From Parents Magazine
Looking for ways to keep your kids entertained when the temperature drops? Here are our favorite fun ways to spend winter days.
Try ice skating.
Inspired by the upcoming Winter Olympics? Lace up a pair of skates! Kids as young as age 4 can head out on the ice if they are steady walkers with good balance. Follow these tips for a fun, safe afternoon of skating:
- Find a safe place to skate. You can either skate at an ice rink or outdoors. But before sliding out onto a local pond, check for signs posted by the local police or recreation department stating that the ice has been approved for skating. If there are no signs, call the police or rec department to see which areas are safe.
- Go with the flow. Always skate in the same direction as the crowd.
- Toss potential choking hazards. Make sure your kids throw out any gum or candy before hitting the ice.
Sledding is a fun activity the whole family can enjoy. All you need is a snow-covered hill and a sturdy sled. When you head out for your first ride, keep these safety tips in mind:
- Choose your location carefully. Sled on an open area of packed snow—not ice. Make sure there are no rocks, tree limbs, stumps or other hazards hidden by the snow. And, make sure the bottom of the slope is a sufficient distance from traffic.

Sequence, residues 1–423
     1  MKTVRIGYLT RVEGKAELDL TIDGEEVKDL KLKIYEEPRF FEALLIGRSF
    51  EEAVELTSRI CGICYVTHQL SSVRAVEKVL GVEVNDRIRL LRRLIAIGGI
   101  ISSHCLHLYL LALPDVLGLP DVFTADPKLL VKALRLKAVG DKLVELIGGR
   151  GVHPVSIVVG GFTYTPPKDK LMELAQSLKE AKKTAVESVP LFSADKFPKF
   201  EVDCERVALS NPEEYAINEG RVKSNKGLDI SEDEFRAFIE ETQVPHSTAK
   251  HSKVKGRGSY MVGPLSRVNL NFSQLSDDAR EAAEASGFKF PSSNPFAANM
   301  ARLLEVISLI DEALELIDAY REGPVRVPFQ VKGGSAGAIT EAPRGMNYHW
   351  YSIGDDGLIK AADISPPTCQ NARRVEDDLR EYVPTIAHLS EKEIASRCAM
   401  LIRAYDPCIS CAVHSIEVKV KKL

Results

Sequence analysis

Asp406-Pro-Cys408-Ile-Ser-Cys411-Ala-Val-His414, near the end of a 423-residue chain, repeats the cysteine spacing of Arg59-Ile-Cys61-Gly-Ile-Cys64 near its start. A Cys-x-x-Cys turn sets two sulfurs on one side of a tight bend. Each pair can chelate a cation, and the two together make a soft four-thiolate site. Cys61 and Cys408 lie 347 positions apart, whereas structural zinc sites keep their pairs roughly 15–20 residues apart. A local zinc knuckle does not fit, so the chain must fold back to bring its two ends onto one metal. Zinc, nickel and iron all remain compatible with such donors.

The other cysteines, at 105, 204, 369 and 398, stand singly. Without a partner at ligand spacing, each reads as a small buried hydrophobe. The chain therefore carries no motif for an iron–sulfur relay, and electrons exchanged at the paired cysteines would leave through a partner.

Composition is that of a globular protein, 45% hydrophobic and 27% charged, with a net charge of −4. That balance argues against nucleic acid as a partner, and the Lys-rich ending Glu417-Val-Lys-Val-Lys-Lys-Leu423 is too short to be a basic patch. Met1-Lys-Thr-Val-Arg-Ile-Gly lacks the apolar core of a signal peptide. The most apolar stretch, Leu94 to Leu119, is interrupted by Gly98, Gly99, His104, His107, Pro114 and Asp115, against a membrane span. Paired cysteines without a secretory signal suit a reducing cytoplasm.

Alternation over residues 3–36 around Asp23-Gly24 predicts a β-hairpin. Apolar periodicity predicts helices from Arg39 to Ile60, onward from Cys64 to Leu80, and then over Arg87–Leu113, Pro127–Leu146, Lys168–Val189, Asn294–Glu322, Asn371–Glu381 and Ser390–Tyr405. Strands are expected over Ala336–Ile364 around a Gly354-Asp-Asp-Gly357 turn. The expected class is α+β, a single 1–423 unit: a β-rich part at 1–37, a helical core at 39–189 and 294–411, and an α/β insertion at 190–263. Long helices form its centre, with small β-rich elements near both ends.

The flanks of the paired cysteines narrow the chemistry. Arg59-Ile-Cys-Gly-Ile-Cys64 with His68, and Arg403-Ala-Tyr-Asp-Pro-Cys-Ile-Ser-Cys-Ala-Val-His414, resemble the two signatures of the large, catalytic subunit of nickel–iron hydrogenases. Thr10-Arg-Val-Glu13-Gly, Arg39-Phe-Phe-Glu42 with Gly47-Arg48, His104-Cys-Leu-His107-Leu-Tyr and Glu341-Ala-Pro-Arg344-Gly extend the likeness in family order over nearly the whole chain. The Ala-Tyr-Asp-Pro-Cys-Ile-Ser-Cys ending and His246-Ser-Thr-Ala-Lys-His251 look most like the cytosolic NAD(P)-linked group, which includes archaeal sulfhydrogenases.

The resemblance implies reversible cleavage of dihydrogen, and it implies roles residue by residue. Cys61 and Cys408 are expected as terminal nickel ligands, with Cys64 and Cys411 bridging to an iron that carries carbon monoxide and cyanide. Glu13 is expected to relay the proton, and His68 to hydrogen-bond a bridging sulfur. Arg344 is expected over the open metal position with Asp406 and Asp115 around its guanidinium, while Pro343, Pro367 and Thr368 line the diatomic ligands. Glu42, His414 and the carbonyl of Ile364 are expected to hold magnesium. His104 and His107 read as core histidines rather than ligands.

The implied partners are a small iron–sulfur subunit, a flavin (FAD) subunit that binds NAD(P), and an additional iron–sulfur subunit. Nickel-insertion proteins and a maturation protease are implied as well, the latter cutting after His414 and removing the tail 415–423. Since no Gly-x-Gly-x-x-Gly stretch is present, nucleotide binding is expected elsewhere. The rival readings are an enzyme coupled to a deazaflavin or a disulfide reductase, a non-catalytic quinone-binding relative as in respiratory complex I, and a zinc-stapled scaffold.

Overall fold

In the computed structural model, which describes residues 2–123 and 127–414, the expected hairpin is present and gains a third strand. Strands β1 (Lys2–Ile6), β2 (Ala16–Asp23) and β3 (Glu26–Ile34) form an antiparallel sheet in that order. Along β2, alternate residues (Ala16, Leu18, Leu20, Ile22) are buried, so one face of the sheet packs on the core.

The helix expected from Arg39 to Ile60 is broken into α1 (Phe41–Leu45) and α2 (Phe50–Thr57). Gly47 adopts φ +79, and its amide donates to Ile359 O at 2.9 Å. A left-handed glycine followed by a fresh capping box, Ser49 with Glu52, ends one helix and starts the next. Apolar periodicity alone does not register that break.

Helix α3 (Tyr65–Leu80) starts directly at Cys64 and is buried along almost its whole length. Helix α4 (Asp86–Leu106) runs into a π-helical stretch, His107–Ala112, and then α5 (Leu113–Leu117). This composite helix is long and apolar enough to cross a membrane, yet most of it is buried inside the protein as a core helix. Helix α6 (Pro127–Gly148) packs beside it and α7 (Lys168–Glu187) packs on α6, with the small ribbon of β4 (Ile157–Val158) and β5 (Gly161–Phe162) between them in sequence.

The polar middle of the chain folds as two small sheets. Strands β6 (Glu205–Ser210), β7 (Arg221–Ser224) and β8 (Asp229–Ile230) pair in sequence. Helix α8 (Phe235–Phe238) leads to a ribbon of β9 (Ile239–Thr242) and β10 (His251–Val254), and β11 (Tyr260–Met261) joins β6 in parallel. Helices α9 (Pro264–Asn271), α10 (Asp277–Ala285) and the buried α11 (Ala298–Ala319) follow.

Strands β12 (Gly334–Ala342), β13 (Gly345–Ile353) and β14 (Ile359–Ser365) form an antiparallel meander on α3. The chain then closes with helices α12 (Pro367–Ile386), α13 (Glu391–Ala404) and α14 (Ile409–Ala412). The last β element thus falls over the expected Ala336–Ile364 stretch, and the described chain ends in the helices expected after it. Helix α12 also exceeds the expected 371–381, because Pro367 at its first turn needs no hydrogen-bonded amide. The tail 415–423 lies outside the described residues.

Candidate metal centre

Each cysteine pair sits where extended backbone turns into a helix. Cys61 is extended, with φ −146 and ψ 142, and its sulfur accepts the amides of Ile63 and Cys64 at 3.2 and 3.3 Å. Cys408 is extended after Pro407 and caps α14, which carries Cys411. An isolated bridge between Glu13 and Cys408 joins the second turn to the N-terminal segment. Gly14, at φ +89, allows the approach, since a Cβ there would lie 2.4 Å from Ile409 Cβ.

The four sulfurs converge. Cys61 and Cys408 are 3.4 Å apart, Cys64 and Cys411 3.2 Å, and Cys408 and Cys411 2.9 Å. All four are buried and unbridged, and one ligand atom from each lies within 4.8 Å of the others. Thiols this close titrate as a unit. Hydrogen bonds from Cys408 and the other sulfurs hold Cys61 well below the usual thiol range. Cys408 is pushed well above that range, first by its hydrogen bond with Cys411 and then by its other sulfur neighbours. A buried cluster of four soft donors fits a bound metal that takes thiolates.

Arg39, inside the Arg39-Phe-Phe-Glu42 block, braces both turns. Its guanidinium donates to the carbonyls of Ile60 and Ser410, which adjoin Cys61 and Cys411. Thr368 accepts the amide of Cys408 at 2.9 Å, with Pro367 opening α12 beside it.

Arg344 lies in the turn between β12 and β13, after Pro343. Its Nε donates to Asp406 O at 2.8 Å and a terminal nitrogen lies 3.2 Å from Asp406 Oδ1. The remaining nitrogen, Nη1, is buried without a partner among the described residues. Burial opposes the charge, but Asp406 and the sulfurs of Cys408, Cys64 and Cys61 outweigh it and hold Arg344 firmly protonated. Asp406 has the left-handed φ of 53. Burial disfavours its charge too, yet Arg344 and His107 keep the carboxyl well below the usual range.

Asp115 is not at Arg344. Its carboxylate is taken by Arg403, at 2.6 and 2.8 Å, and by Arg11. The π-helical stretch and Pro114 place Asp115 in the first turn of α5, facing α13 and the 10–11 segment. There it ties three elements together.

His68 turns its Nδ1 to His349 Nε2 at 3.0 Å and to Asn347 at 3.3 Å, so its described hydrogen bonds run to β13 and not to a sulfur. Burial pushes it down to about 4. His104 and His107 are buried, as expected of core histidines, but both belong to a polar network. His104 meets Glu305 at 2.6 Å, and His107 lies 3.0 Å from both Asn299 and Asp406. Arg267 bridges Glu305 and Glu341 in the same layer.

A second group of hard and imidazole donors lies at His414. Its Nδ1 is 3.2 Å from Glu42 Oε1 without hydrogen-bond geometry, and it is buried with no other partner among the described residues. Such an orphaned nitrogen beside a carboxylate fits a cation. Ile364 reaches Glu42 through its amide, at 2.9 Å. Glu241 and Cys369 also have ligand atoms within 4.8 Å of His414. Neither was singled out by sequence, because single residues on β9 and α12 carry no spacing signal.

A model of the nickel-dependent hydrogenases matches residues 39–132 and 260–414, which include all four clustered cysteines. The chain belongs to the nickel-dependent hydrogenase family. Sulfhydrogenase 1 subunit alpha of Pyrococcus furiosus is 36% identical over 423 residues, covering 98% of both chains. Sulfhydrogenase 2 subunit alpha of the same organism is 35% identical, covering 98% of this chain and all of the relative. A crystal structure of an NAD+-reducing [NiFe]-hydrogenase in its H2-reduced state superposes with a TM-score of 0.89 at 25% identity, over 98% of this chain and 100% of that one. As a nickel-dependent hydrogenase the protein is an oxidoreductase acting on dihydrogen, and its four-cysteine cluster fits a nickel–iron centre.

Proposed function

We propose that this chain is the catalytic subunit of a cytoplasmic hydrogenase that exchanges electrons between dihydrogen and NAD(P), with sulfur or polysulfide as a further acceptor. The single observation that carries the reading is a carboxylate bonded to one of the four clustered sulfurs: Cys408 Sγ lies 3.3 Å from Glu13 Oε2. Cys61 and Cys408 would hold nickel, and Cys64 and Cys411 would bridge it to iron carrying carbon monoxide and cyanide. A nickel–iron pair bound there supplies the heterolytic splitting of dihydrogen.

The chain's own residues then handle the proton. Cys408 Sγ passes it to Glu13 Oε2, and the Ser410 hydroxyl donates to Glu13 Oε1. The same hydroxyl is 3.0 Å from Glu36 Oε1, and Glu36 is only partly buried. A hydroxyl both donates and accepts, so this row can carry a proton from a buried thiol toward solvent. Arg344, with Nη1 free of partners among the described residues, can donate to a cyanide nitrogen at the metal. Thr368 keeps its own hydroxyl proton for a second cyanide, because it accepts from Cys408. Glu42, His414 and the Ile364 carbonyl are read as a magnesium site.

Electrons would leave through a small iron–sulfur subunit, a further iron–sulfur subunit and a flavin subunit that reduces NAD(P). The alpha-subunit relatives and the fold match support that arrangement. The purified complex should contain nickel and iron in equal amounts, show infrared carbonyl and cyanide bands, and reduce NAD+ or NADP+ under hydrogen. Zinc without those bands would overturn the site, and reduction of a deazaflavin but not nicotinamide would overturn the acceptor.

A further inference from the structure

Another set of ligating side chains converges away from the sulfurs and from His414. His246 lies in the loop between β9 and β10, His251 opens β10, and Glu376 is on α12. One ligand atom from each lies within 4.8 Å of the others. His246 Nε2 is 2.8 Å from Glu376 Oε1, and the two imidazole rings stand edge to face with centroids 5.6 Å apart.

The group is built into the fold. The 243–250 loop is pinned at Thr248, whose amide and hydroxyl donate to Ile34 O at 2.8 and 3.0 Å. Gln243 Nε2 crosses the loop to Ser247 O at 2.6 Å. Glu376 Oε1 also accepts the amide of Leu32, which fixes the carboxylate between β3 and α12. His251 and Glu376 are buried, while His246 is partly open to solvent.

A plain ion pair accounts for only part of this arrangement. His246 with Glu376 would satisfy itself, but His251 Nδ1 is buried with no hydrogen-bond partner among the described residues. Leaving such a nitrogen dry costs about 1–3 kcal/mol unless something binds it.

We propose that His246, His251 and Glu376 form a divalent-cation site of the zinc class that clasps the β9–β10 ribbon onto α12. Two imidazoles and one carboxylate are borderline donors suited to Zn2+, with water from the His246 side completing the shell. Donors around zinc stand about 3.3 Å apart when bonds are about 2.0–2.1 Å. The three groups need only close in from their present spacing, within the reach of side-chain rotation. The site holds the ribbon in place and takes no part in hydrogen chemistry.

- Use proper equipment. Choose a sled that is sturdy and doesn't have any sharp edges. Also, make sure the handles you'll hold onto are secure. Be sure to pick a sled that you can steer easily.
- Sit up. Always sled sitting up with your feet first. Lying flat increases your risk of injury.
Hit the slopes on skis or boards.
Downhill skiing and snowboarding are popular winter activities for many families. Looking for a discount? Many community groups organize reasonably priced trips to ski resorts, so do some research before you go. Typically, children need to be a little older for snowboarding than for skiing (say, age 7 rather than a preschooler), but check with the ski/snowboard school at the resort to find out what lessons they offer each age group. To keep your family safe year after year, follow these guidelines:
- Wear safety equipment. Always wear a helmet and goggles to protect your head and eyes.
- Get pro help. Beginners should take at least one lesson to learn basic techniques and safety skills.
- Ski or snowboard safely. Make sure your kids don't go too fast or lose control.
- Stick to slopes you can handle. If you're a beginner, stay on beginner slopes until you feel comfortable moving up.
Play some ice hockey.
How can you tell if your child is ready to suit up for ice hockey? If kids are at least 6 years old, have good hand-eye coordination, are good at skating and can play well on a team, they may be ready. If your child decides to give it a try, be sure to follow these safety recommendations:
- Always wear all the required safety equipment. Whether it's just practice or an actual game, make sure your child wears the necessary safety gear, including a helmet and face mask, gloves, mouth guard and pads for shoulders, knees, elbows and shins.
- Get a good fit. Check your child's equipment regularly to make sure it fits well and is in good condition.
- Avoid contact. Teach your child to avoid contact with the boards and with other players.
- Make sure first aid is available at all games and practices.
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